| TOKYO, March 6
TOKYO, March 6 Advisers to Japan's
$1.26-trillion public pension fund on Thursday recommended
targeting only slightly higher returns, a conservative proposal
that could constrain the fund's ability to shift to riskier
Prime Minister Shinzo Abe's government is pressing the
Government Pension Investment Fund (GPIF) to buy more stocks and
invest relatively less in bonds to generate higher returns for
Japan's fast-greying population.
But the advisory panel appeared to differ with Abe, with
assumptions in a draft report that imply a return target of 4.2
percent, little changed from the current target of 4.1 percent,
which was adopted at the previous review five years ago.
The panel reports to the Health Ministry, which regulates
the world's biggest public pension fund.
The panel recommends targeting 1.7 percentage points above
nominal wage increases, versus 1.6 points now.
GPIF has leeway in deciding its asset allocations, but the
panel's recommendations form the basis for the fund's decisions.
Stock market bulls may take heart that the panel said GPIF
need not stick to a "domestic-bond-centric portfolio" when the
country is moving out of deflation, although the panel's report
said the fund should take the smallest possible risk to achieve
Given its size - bigger than the annual economic output of
Mexico - GPIF is coveted by politicians and can have a big
impact on financial markets if it shifts its investment flows.
Some of the "Abenomics" rally in Tokyo stocks over the past year
has been driven by expectations that the fund would shift toward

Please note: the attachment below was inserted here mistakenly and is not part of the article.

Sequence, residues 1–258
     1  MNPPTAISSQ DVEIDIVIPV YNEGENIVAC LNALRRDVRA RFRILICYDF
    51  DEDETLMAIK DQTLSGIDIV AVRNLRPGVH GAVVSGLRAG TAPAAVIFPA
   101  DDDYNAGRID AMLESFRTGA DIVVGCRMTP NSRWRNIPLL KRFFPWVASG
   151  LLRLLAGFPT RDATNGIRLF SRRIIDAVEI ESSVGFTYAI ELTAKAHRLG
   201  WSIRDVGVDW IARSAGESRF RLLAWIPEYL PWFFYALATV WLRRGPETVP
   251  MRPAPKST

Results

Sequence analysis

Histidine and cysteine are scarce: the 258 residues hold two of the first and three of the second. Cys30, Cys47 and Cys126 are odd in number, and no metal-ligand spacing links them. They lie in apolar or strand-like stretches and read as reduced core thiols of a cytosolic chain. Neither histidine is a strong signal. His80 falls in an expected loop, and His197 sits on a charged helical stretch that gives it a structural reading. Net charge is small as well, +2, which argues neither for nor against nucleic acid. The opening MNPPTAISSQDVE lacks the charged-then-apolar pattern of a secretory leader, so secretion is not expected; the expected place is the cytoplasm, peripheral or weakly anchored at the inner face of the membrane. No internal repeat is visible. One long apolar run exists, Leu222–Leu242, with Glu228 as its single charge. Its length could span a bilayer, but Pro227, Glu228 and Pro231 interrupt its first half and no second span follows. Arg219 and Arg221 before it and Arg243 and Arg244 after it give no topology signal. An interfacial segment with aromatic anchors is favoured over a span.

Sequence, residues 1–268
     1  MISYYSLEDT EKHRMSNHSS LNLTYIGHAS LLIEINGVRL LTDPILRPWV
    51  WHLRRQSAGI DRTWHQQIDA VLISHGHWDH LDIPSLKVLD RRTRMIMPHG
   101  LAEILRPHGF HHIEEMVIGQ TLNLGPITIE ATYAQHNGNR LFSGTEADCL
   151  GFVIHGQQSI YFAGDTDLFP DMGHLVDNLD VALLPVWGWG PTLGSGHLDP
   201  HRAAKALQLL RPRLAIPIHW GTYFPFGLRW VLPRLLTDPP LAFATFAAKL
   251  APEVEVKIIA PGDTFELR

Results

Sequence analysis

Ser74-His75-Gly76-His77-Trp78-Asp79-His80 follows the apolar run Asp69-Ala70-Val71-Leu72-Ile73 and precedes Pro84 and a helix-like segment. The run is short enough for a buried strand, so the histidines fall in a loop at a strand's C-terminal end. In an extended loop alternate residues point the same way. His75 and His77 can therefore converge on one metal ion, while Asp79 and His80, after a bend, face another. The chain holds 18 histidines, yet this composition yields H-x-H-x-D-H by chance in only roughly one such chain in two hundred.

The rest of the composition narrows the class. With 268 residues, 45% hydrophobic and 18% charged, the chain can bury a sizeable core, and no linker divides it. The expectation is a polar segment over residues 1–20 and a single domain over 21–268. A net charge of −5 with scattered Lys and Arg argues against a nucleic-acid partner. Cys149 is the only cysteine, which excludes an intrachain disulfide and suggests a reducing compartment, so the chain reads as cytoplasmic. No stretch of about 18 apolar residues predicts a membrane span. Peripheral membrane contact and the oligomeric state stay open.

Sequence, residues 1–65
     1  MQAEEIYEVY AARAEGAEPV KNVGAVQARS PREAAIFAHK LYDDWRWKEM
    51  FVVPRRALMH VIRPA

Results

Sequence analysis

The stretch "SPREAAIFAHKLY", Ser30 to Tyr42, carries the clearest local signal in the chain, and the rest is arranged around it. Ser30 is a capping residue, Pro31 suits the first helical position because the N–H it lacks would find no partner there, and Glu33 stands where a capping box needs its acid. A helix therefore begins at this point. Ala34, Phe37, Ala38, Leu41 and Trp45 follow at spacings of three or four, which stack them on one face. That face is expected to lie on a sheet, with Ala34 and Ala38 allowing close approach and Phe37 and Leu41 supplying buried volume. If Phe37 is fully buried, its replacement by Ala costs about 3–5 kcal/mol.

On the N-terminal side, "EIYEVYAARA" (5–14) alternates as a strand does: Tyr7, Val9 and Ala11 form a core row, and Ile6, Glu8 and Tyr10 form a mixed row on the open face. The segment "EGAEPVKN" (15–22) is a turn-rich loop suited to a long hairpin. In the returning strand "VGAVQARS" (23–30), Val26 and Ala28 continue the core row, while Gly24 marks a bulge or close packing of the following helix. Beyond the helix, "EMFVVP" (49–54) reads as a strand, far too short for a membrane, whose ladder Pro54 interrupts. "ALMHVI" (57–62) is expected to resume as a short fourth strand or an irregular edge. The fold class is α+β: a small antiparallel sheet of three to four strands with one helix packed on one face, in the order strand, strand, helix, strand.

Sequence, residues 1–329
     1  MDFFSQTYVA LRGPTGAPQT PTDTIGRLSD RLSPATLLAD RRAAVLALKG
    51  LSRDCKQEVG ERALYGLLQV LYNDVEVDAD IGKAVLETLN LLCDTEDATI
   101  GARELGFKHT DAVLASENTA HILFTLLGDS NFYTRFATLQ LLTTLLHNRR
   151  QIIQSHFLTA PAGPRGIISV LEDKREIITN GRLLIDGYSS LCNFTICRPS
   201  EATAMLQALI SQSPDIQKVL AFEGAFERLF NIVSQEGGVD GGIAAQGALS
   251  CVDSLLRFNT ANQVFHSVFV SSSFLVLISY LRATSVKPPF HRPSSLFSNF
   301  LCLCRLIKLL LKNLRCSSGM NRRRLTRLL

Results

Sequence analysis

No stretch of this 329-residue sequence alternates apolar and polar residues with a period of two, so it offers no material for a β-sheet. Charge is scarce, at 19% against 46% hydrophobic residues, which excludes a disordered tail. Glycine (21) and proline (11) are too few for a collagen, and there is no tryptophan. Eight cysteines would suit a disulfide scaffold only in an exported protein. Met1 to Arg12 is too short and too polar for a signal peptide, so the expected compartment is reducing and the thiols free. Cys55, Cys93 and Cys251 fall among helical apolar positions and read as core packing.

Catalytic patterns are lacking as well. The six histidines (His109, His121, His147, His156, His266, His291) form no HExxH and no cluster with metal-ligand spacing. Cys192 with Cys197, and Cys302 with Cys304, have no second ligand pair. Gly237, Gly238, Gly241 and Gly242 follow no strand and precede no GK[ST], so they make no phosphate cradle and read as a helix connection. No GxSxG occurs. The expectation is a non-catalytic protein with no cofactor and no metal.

stocks and away from bonds.
The current actuarial review is crucial because the return
target will be used to set new allocation targets for GPIF,
which now invests 60 percent in Japanese government bonds and 12
percent in Japanese shares.
A separate Abe-appointed panel led by Takatoshi Ito, a Tokyo
University professor, said in November that GPIF and other
public funds should seek higher returns as the working
population ages and payouts to retirees rise, by increasing
investment in equities and infrastructure as an alternative to
The Abe administration has signalled it wants GPIF to
compile an allocation model as soon as June that would cut the
weighting of domestic bonds and direct more into domestic
stocks, a government source said.
GPIF has averaged about 2 percent annual returns since its
launch in 2001. That is well below the target but returns have
maintained their targeted premium over wages, which have
stagnated or fallen during Japan's long period of deflation.
The fund's assets have grown by 19 percent since Abe came to
office in December 2012 with aggressive reflationary policies
that have pushed down the yen and spurred a jump in Tokyo
The panel kept at 1.0 percent its core forecast for "total
factor productivity" (TFP) - a key component in the
calculations. TFP is a measure of the dynamism of Japan's
economy in the long term, seen as a crucial indicator given the
But while keeping the baseline the same, the advisers
included more bullish long-term economic assumptions, reflecting
the Cabinet Office's rosier economic view.
A 21-person Health Ministry panel, including labour union
members, will review Thursday's report and is expected to
complete the review by the end of the month. That will form the
basis for GPIF to craft its new portfolio allocation strategy.